I will admit to being quite perplexed by the whole “controversy” surrounding the working conditions of the UNC housekeepers. I will admit that when I first read of the “controversy” I considered it a non-issue. I mean really, who cares? With any full-time job I’ve worked in the past, I got a lunch break and that was it. The additional 15 minute breaks that the housekeepers receive seemed more than generous to me, but that was just one guy’s opinion. Now that we’ve got yet another rally on the steps of South Building and the Daily Tar Heel seems absolutely obsessed with the topic (now having devoted most of their back page to it), I will deign to offer my own commentary on the matter.
First let’s consider the rather ridiculous letter to the editor today, written by the leadership of the UNC chapter of the American Association of University Professors.
Write-ups by supervisors, suspensions without pay, and disciplinary action including termination — for sitting down to rest outside of their legal breaks of 15 minutes twice a day and one hour for lunch — are a shameful legacy of the Jim Crow South.
There are two aspects I would like to point out here. The first is the seeming inability of the Left to appreciate the fact that when you break the law (or, in this case, violate the terms of a contract) there are repercussions. So, when housekeepers take unauthorized breaks outside their nearly two hours off every day, they should expect to be punished for that. That’s how it works in the real world. If you don’t do your job, or you’re caught “sitting down on the job,” you run the risk of being fired or suspended.
I’ve also noticed that many people keep referring to the Jim-Crow legacy of the UNC housekeeping contracts. The interesting thing about that argument is that might have held water circa 1960 when such Jim Crow laws actually existed. Let me be the first to welcome the AAU and SAW to the 21st century, where such laws no longer exist and people can freely enter and leave employment. It’s not as if someone held a gun to the housekeeper’s head when they signed the contract limiting them to 90 minute breaks every day. And it’s not as if they can’t leave their jobs if they don’t like the working conditions.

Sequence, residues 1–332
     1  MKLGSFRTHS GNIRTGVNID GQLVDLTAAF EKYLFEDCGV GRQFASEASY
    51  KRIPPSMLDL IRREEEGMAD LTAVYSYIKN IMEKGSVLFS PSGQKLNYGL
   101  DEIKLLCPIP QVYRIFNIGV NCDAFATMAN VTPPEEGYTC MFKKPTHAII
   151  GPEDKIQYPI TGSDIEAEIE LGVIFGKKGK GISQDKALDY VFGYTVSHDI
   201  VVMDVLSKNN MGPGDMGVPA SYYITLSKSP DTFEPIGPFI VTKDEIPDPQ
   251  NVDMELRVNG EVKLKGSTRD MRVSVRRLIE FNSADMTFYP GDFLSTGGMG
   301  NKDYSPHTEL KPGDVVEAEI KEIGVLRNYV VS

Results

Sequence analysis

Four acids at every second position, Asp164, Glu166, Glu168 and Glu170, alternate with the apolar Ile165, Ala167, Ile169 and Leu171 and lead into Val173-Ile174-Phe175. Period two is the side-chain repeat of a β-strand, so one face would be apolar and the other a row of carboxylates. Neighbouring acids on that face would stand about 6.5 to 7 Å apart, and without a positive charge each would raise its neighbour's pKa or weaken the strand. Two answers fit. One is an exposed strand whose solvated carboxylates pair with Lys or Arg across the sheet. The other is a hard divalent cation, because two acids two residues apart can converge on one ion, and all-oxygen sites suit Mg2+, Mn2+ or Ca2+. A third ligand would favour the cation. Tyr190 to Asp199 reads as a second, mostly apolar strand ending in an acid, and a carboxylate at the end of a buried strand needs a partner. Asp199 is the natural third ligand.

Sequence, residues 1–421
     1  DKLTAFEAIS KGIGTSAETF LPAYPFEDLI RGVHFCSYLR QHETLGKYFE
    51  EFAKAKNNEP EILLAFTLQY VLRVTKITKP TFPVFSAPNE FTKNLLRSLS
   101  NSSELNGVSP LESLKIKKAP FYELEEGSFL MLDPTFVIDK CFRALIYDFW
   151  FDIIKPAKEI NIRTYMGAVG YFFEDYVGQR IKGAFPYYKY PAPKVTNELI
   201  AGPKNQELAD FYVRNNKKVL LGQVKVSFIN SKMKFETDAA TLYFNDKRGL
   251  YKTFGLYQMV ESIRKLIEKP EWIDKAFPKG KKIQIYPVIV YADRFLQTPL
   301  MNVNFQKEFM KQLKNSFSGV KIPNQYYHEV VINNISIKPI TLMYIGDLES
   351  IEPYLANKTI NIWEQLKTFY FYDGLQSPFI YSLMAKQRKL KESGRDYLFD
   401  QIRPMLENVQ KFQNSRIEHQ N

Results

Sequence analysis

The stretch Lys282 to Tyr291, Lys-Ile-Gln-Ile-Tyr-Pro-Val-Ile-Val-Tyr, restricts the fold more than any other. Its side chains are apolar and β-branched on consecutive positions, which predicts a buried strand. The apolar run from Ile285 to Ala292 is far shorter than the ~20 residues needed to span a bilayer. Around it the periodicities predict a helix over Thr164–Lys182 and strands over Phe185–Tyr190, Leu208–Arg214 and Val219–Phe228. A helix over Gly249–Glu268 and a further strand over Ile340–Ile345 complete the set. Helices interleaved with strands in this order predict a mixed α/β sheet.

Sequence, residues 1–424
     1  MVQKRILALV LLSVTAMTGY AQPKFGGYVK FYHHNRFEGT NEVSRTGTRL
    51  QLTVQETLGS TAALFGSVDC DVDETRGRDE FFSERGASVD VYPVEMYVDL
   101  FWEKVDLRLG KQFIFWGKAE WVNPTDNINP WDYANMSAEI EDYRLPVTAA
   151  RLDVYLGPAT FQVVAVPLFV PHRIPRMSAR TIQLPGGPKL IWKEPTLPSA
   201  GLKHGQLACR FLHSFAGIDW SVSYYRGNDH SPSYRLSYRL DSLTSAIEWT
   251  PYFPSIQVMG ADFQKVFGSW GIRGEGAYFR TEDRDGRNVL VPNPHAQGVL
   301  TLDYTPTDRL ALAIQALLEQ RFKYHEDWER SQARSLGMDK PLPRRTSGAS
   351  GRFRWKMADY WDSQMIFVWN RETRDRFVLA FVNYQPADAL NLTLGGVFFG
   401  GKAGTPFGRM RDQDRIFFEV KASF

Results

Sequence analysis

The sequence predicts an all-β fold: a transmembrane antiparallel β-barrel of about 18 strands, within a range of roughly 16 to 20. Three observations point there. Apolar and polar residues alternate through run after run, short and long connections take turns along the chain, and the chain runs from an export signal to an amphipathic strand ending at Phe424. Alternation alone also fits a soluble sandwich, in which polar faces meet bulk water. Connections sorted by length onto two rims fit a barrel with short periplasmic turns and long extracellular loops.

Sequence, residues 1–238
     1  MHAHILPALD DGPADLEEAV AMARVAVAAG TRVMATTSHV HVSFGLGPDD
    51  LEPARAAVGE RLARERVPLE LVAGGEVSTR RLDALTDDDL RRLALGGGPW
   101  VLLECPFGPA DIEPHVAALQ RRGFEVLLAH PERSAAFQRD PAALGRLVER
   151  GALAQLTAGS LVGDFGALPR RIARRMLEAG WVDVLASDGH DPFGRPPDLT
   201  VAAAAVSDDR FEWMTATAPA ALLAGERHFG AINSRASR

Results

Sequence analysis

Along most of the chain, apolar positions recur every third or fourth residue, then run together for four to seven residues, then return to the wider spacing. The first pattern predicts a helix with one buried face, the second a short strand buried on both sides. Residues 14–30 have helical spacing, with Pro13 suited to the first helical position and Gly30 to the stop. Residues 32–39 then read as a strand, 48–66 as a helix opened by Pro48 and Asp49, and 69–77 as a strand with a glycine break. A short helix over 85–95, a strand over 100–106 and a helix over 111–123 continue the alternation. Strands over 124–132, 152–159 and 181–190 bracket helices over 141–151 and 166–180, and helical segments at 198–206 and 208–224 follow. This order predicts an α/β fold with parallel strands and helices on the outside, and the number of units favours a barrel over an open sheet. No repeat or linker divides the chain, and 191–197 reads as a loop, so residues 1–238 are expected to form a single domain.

I realize that I am a cold, mean-spirited individual, but could we please move on to some more pressing issue?
2 thoughts on “The Curious Situation Concerning the Housekeepers”
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The AAUP member didn't spell this out clearly enough in the editorial, but the Jim Crow law in question, which is still on the books to the great shame of North Carolina, is General Statute 95-98. This statute is a Jim Crow era law (1959 to be exact, if I remember correctly) barring collective bargaining by NC public employees. It was passed at a time when racist and anti-union legislators in North Carolina, fearful of the organizing successes of Jimmy Hoffa and the Teamsters union, wanted to head off any possibility of black and white public employees unionizing. It prevents UNC employees (excluding, ironically, those private employees in outsourced services, such as Aramak employees) from unionizing. It is part of the reason we have an Employees Forum for airing grievances to the administration, as opposed to an employees union. So when you suggest that there are no longer any Jim Crow laws preventing public employees from entering into the kinds of contracts they want, you are incorrect. They have possibly secured the best contract that they could individually. But if they wanted to bargain collectively, then they clearly could not freely enter into the contract that they wanted. They are clearly prevented, in that case, from doing just the thing that they want to do.
The question here is whether or not people have the right to collectively bargain. You probably think not (though I admittedly could be wrong). I certainly think so. So do most interpretations of the First Amendment. And if American law doesn't satisfy you, the U.N. has specifically condemned North Carolina for denying its public employees the legally recognized human right to collectively bargain.